“What's this?” she teased, and Minghan turned beet red. He panned through the channels with the flick of a wrist while Roy stood up and wrapped his arms around his wife from behind.
“I changed the settings; sorry if the ads in the hallway scared you. They were distracting us” he stammered.
“From more important things?”
Susie relished the occasional awkward moment. They meant that you really did not know everything about somebody, and what fun were families or relationships if there were no surprises or discrepancies left?
The wall of liquid crystal they faced went black, and the telltale sounds of Wagner's Ride of the Valkyries filtered into the room. America's favorite pastime was about to begin: The Crashes. Susan felt sick.
“Don't you want to watch, Mom? They say this week’s Episode has a three-car pileup with no survivors, and a motorcycle getting rammed by an eighteen-wheeler!” The look of honest excitement on his face made her wish morbid curiosity was less effective at making money. She always used to watch the show with them, enjoying every shriek of sheered metal; every dancing severed limb. When Tract AB-08 became a featured segment on The Crashes, everything changed. Nobody wanted to risk their own lives on the road, that was just silly, and legions of Mechanicals and humans alike started taking the train into New Denmark. The price of tickets soared to ludicrous heights, and Susan started driving her old Chrysler again. She wondered how they could continue watching the program when she was out driving. Would they watch an Episode if she was featured in a windshield splatter? Maybe that was what it would take to get their attention.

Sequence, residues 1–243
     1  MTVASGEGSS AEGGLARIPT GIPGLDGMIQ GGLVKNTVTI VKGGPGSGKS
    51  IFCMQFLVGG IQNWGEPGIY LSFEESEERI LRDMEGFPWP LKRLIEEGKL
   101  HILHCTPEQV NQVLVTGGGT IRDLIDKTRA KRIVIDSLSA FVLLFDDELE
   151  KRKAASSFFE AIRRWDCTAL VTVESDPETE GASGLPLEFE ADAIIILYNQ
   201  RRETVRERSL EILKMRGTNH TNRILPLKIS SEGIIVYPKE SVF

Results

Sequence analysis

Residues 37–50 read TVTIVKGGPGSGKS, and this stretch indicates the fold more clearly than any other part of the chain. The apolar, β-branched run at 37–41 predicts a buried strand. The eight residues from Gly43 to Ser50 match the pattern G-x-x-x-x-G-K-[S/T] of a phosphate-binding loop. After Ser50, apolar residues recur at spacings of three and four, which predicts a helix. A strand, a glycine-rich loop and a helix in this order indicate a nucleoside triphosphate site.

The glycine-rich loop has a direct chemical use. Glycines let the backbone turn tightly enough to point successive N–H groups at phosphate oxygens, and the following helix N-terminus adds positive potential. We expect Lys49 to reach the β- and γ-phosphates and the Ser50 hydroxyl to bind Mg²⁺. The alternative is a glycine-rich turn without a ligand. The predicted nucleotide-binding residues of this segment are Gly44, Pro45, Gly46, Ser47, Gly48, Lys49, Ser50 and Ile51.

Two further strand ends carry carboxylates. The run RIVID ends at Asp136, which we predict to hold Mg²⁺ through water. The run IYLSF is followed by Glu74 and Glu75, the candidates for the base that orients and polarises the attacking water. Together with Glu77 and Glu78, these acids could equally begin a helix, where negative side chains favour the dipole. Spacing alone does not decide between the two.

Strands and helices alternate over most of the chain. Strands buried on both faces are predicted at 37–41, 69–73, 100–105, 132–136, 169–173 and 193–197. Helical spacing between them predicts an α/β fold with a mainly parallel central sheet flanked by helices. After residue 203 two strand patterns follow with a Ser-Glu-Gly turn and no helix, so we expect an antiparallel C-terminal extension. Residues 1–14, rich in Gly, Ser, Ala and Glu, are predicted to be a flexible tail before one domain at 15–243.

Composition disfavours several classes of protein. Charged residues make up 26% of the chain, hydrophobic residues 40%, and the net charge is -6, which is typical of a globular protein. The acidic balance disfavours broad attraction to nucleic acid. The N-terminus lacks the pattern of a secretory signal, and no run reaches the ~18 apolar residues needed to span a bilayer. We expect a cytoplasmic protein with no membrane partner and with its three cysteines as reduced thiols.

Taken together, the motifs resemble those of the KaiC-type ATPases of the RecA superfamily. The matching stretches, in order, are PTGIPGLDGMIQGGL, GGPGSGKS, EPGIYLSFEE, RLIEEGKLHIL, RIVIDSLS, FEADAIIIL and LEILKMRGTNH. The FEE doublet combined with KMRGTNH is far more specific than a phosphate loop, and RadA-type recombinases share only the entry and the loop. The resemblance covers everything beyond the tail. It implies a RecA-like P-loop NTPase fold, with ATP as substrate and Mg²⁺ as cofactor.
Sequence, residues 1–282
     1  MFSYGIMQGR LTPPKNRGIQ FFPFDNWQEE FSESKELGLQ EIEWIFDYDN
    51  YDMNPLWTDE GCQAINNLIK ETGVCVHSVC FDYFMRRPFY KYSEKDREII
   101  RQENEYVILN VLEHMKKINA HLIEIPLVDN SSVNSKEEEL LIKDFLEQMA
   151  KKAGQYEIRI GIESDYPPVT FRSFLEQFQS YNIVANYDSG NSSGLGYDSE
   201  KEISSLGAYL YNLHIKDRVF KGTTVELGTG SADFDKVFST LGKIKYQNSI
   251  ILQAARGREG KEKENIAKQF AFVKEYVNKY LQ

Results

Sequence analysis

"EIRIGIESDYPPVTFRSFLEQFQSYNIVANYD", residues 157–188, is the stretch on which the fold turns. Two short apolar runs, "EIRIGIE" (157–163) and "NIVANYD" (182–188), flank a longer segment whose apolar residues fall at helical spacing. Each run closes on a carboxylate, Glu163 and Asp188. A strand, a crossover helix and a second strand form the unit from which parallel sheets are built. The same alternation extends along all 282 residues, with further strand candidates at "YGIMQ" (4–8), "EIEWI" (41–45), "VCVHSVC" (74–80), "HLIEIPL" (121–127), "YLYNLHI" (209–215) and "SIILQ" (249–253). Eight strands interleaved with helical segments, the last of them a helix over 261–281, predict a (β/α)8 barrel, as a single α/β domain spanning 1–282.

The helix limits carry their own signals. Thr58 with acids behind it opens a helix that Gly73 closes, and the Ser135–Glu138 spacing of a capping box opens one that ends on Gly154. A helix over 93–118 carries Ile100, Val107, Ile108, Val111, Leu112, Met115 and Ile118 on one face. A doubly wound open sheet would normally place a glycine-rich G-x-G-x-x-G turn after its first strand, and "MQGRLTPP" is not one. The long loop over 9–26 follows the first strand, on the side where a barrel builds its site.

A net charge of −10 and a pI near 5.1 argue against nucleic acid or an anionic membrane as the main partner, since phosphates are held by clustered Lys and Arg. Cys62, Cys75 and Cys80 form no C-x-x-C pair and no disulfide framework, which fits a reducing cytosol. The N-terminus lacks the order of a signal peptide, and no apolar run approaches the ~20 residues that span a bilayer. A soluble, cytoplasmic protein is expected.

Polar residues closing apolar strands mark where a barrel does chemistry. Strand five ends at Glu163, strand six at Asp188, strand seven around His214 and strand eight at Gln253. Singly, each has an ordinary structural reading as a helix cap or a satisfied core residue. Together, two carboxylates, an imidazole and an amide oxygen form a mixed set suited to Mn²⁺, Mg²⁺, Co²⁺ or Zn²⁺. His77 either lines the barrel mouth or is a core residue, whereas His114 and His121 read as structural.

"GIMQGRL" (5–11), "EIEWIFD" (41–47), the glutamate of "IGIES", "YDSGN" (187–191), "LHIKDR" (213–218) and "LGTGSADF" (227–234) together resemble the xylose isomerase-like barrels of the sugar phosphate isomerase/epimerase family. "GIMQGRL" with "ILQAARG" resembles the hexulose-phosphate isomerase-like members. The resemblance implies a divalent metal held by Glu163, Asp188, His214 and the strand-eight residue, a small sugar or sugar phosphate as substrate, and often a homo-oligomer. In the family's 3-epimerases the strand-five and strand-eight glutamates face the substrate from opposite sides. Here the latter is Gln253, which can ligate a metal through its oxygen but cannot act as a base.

“I think I'll just warm up some leftovers boys. I'm thinking about heading to bed early tonight.”
But they were already absorbed in the televised blood-ecstasy.
Roy surprised her the next morning by placing a first-class train ticket next to her bowl of raisin bran.
“I felt bad about last night. I should've had some hot food waiting for you when you got off work.”
He kissed the back of her neck.
“Where did you get the money for this?”
Tickets cost upwards of three Benjamins, and things had been difficult for the Canlyns in the last few years.
“Minghan has been saving his allowance, and I won a few rounds of Blackjack on the InterLink before you got home last night.”
“But this will only be good for one day. I'll have to drive to work again tomorrow anyways. I almost think you could have found something more lasting to spend your money on.”
“Nothing is more important to me than a guaranteed day of safety for you. I know it’s insensitive to watch when you’re home, and even that I watch it at all is something you know I’m ashamed of. It’s an addiction though, you have to understand.”
She understood. She had been addicted to many retrospectively idiotic things in her life, which can be said for most people. After she finished with her cereal, she gave Roy a quick peck on the cheek, and walked out the door towards the train station. Men carrying large sheets of mirrored glass passed her on the street, and she was once again forced to remember The Crashes. To her, the mirror had become synonymous with death. Any mirror larger than her bathroom medicine-cabinet or a handheld could be hiding drooling faces, waiting for their primetime carnage. Where was that sheet headed? Was the show expanding?